In reality, Grimes went to great lengths to distance herself from Obama (she wouldn't even say if she voted for him), especially on coal. She criticized the EPA's proposed limits on power plant carbon emissions as "impossible to achieve" for coal. She said she was "deeply disappointed" by the Obama administration's climate change policy because it did not take into account the impact on Eastern Kentucky coal mining jobs.
"Coal keeps the lights on in Kentucky — plain and simple — and I will not stand idle as overreaching regulation adversely impacts jobs and middle-class families," Grimes said last year as her campaign got started. "Any new regulations must take into account the impact on Kentucky jobs and be based on current technology that will not drive Kentucky coal out of business."
Republicans brandished undercover videos by conservative activist James O'Keefe in which several Grimes supporters said they are convinced she doesn't really mean what she says in support of coal. But there was no footage of Grimes. Beyond partisan suspicion or cynicism, there is no evidence to suggest that Grimes is less than sincere on coal.
"Grimes has been vocal and consistent throughout her campaign about her opposition to Obama administration regulations on the coal industry," said FactCheck.org, a project of the Annenberg Public Policy Center.
7. McConnell also hates coal.
Fighting fire with fire, Grimes accused McConnell of undermining the coal industry. Grimes said McConnell is motivated by "anti-coal" campaign donations and appointments that Chao, his wife, holds on the boards of "enemies of coal," including Bloomberg Philanthropies and Wells Fargo. The former supports an effort to retire old coal-fired power plants; the latter has decided to stop financing mountaintop removal mining. Chao was not involved in either decision.
In an October television spot, Grimes stood in front of the Big Sandy power plant in Louisa and blamed McConnell for half of the plant shutting down and laying off workers.
"Mitch McConnell didn't fight to get the scrubbers it needs to reduce coal emissions," Grimes said. "Instead, Mitch and his wife pocketed $600,000 from enemies of coal, including New York City Mayor Michael Bloomberg. ... The difference between Mitch and me is I will fight for these jobs, and no New York anti-coal billionaire will ever buy me off."
The Washington Post awarded that ad four out of four Pinocchios, its worst score for dishonesty. The Post reported that American Electric Power, which owns the power plant in Grimes' ad, chose not to retrofit it with scrubbers because that would mean a 31 percent hike in electricity costs for its Eastern Kentucky customers.
"First, it's unclear why a senator would be seeking to provide scrubbers to an investor-owned company," the Post wrote. "Second, going the scrubber route would have jacked up utility rates for what is already one of the poorest parts of the state."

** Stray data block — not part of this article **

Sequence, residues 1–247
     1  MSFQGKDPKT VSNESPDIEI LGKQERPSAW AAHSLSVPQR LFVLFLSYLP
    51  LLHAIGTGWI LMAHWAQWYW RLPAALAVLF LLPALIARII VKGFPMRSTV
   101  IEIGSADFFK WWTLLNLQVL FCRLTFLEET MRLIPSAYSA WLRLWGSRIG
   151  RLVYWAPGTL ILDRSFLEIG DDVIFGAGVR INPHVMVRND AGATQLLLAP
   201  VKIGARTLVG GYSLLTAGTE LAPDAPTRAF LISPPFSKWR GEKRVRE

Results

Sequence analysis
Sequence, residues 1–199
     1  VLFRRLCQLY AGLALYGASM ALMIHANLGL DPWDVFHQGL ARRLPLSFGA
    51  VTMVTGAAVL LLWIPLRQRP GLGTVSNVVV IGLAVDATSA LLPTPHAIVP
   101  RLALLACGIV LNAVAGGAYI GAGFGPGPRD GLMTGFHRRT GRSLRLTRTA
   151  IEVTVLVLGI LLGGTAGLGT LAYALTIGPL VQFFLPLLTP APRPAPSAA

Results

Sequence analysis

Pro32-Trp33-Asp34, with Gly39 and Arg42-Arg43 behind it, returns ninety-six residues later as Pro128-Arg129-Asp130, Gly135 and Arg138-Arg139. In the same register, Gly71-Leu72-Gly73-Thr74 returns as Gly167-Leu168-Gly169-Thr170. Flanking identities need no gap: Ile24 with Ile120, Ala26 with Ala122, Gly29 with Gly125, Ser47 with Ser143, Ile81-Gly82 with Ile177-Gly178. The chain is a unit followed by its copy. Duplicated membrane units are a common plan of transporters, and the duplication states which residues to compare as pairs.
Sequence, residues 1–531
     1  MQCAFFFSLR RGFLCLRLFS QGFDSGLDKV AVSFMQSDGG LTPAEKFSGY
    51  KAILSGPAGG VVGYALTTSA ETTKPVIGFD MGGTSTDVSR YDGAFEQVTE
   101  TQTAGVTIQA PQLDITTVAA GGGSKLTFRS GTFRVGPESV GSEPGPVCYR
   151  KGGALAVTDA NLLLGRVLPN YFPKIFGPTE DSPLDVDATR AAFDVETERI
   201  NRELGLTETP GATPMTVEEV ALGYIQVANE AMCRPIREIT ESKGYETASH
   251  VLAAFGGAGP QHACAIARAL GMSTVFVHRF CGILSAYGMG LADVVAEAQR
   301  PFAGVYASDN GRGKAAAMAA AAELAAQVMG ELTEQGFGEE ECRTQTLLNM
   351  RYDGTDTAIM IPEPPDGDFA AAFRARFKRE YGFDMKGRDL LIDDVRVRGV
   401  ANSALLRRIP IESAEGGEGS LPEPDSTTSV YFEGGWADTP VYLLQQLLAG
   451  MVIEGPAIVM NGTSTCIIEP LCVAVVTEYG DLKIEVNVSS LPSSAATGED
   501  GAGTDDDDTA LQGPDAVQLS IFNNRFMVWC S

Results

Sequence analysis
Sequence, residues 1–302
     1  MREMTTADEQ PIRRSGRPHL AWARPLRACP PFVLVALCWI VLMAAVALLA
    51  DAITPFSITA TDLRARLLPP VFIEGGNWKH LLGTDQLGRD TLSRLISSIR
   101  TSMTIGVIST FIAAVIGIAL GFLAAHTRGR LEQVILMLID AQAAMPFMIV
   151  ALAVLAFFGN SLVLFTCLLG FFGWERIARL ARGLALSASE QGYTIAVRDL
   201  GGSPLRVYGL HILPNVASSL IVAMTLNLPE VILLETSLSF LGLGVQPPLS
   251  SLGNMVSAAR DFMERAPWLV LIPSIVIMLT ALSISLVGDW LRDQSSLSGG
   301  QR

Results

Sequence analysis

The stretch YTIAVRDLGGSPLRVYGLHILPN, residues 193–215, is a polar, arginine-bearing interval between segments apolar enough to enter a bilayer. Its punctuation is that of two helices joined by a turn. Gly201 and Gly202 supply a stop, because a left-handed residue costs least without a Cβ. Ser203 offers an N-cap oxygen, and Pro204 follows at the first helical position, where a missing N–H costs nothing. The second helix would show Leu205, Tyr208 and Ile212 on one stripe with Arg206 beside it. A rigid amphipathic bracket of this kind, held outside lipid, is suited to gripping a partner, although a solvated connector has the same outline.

As for McConnell and Chao being "bought off" by anti-coal money, this might be the first time anyone has leveled that accusation. Until now, the most frequent coal-related criticism of the couple was that they bent over backward to help coal operators who made large donations to McConnell and other Republicans.
For example, Chao's Labor Department — staffed with several of McConnell's aides — was accused of having "whitewashed" its investigation of a massive coal slurry spill in Martin County in 2000. The company behind the spill, Massey Energy, ultimately was fined $5,600 by a Labor Department administrative law judge. In 2002, Massey's PAC gave $100,000 to the National Republican Senatorial Committee.
Maybe the biggest whopper of Election '14 is that Eastern Kentucky's coal industry will come roaring back to life if the right person gets elected to the Senate on Tuesday.
In reality, the region's mining jobs have been disappearing for decades, since long before Obama got to the White House. Elected leaders like Democratic Gov. Steve Beshear and Republican U.S. Rep. Hal Rogers of Somerset spent this year searching for post-coal economic solutions. Not McConnell and Grimes; they insisted that they can return Kentucky to the golden age of coal, although most observers consider it unlikely in the 21st century.
"Many factors besides regulations have sped coal's decline here — like low natural gas prices, shrinking coal reserves and higher production costs," WFPL/89.3 FM environmental reporter Erica Peterson said last December in a public radio program on Kentucky's coal industry.
"There will still be coal mining to some extent in Eastern Kentucky, but a lot of this is a done deal, and no politician or policy is going to bring back coal's glory days," Peterson said. "Coal is a victim of the market forces these same politicians champion in health care and banking."